[Chicago—Monday, 25 October 1875]

Monday A M. Left for Lafayette. It was rather dusty and head achy getting to L. especially as we were obliged to conclude to go home to look after our affairs there, by the end of this week if possible.

We were met at the station by a Judge Coffroth at whose house we passed the night. It was a queer place such as I never saw before precisely and trust I may not see again. We were whirled up from the station to the house in a pretty carriage with a fine pair of horses, the judge himself talking very well though with a touch of the western rudeness of manner & phrase, but his gentleness of feeling & intonation was quite evident. Arriving at the house I was ushered into a nearly unfurnished parlor, according to our ideas, with an enormous fire, by way of welcome, the day being excessively warm—yet we were glad of it, such a dreary empty air otherwise pervaded the place. The Judge presently called his little daughter of nine years of age who showed us to our bedroom. We turned the water faucet and the water came like mud smelling wretchedly. There were 2 chairs in the room one of them broken, 3 empty cologne bottles, a gas chandelier with a broken globe, a paper on the walls with a black hole broken through it into some mysterious blackness which hole had been pasted over and broken through the second time, a soiled tapestry carpet on the floor, a good mirror, a large bedstead and good bed covered with cotton sheets which had been torn and the slits run up, but the pillow cases and bolster case were of fine ruffled linen upon which I found we were expected to sleep. When we had bathed from our cologne bottle chiefly we returned to the parlor. There was a maiden lady a Miss Purdy from Mass. who talked very pleasantly. She proved to be the children’s instructress. No lady of the house appeared for full half an hour, at last a small young woman, the mother of the two children, made her appearance clad in a black silk dress trimmed with velvet & lace, the handsomest thing possible to being and made quite in style and old boots on, worn quite brown. She was as cordial as it was in her nature to be, but she was one of the foggy undeveloped natures of which we see so many in this western country. Tea was almost immediately announced, quite soon enough to lead us to feel that Mrs C. had been occupying herself with the oversight of that meal. It was a delicious meal and to us who had eaten nothing since morning most grateful. The food was well served and the table manners of the people were all good. Mrs C. apologized for the greenness of her Irish waiting woman, who was frightened as well as ignorant, but I thought everything went quite well enough.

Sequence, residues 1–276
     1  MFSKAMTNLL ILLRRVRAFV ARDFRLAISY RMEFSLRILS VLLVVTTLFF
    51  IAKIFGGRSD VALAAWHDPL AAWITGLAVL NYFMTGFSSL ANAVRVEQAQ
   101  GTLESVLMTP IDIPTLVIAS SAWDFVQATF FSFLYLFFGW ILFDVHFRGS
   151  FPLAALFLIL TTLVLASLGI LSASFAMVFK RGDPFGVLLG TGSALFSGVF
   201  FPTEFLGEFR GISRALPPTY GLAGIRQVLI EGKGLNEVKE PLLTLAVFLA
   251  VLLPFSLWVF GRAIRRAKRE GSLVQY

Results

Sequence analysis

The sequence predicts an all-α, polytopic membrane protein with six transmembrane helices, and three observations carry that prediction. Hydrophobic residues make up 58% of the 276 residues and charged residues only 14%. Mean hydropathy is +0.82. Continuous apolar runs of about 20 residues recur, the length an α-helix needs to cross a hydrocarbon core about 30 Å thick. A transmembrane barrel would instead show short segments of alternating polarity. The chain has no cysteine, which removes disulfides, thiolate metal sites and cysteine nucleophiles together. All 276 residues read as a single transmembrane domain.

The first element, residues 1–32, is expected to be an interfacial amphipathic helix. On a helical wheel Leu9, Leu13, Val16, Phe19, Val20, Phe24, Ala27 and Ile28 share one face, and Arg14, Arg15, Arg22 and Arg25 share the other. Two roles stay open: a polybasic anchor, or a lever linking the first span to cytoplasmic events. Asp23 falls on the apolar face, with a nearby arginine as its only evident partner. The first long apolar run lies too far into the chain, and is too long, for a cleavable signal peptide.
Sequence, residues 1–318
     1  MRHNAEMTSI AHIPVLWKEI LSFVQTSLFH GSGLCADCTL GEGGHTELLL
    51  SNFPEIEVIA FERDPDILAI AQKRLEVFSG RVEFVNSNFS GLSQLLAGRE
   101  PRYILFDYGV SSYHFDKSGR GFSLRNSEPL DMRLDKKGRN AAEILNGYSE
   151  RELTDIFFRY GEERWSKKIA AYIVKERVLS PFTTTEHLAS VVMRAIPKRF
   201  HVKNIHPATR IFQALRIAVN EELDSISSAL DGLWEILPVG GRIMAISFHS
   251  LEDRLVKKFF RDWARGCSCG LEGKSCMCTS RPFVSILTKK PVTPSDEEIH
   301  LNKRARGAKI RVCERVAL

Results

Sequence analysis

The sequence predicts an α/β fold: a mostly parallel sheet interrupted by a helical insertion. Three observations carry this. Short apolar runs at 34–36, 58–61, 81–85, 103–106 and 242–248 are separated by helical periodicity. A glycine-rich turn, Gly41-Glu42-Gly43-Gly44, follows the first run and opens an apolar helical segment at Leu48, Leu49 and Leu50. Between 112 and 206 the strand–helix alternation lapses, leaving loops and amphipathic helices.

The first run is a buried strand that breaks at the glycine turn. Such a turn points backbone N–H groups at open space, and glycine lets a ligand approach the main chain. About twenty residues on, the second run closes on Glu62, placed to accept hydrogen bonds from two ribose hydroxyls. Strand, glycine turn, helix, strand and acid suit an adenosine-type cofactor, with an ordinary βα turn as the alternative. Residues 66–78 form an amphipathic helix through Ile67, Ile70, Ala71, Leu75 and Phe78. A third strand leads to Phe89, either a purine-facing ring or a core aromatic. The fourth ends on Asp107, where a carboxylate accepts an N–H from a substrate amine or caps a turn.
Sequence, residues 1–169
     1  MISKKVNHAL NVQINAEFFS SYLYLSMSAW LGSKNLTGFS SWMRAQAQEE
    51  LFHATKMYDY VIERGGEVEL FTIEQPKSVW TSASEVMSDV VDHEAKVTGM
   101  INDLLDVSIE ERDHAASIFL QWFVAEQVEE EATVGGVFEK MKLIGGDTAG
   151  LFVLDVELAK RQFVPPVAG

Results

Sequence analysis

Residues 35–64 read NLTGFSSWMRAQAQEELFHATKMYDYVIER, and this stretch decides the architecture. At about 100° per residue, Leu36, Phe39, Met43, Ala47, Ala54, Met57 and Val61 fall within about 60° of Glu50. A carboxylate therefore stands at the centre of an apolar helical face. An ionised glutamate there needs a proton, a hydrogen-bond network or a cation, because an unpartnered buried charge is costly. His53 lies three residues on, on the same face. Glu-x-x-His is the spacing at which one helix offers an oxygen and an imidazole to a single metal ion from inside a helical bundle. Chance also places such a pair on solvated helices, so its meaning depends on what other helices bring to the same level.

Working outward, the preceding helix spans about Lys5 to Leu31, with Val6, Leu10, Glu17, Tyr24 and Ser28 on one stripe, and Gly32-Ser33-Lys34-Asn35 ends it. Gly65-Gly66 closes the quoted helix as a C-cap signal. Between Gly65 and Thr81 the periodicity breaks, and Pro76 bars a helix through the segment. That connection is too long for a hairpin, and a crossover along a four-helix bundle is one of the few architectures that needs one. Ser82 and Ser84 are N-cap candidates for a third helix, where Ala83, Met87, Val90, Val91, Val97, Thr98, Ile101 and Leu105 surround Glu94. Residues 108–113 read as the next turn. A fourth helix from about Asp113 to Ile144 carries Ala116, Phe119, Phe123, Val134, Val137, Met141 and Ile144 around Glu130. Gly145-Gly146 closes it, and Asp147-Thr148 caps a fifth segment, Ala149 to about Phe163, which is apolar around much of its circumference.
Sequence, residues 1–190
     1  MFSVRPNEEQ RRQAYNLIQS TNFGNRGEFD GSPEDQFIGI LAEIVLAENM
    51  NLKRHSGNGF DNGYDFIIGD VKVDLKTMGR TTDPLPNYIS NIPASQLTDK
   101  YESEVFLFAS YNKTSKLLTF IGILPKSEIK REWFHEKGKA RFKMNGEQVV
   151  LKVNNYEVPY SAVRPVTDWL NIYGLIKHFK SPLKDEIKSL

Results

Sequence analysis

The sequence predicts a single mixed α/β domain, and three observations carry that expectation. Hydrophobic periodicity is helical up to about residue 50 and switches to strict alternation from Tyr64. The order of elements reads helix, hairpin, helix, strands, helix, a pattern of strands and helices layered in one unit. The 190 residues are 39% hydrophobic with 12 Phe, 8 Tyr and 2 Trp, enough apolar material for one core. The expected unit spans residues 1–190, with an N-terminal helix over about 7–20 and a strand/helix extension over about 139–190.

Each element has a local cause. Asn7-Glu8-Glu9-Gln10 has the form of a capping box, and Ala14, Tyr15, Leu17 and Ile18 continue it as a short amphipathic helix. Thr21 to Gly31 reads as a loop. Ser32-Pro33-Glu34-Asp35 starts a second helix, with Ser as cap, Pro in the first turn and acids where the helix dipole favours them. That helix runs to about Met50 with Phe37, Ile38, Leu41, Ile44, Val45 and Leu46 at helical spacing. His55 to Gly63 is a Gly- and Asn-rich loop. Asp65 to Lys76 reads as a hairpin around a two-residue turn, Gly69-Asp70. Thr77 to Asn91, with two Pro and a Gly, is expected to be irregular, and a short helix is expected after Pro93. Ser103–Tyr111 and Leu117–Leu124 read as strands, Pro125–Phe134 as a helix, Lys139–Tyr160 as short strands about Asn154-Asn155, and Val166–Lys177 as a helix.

Soon the carriage came to convey us to the lecture. There was a beautiful opera house full of well-dressed people, but I found when they were expected to perform the calisthenics of laughter they found themselves incapable of the effort and relapsed presently into a kind of comatose condition which could hardly be called a recipient state of mind. I watched one row of women in particular near me. The man at the end of the row, suddenly waked up as by a sudden illumination after the applauding of a particularly broad joke and laughed; whereupon the woman next him who looked as if the exertion of getting to the lecture had been too much for her and the further exertion of understanding it had never been taken into her calculations, laughed also at seeing the man laugh, but less vigorously—thereupon the woman next her smiled faintly. The one beyond her relaxed her muscles slightly while the one at the end remained utterly unmoved until towards the last when the laughter from across the aisle touched her.

After the lecture we drove back two at a time in a fast pattering rain, a sign of change of weather. I soon moved to go to bed being not only tired myself but seeing signs of fatigue in my host and hostess. Where upon we were asked to delay a little and glasses of indigestible wine jelly was passed about. I hailed the advent of the glasses thinking that some kind of wicked warming night-cap would be served but I found the wickedness had to be made undigestible before it could be introduced to polite society! We slept well though I must say I lay down unwillingly on those wrought and ruffled linen pillows.

Mrs C. (I cannot refrain from giving one unusual detail) came to our room door after we had retired to show me the water-closet. I found I must go through her bedroom into a place without any lock on the door, which door must be kept closed by two demi-johns provided for the purpose. This closet opened into an inner room beyond which looked like a portion of an Irish hovel. Dirty clothes were thrown without basket into one corner and the floor was uncarpeted. In the morning I found the lady’s hat had reposed on the parlor table where she had left it (as an ornament perhaps) since there was little else to be seen but an edition of Longfellow in the room.

The kindness & devotion of these good people can not be overstated. Everything possible for them to do for our comfort was done.

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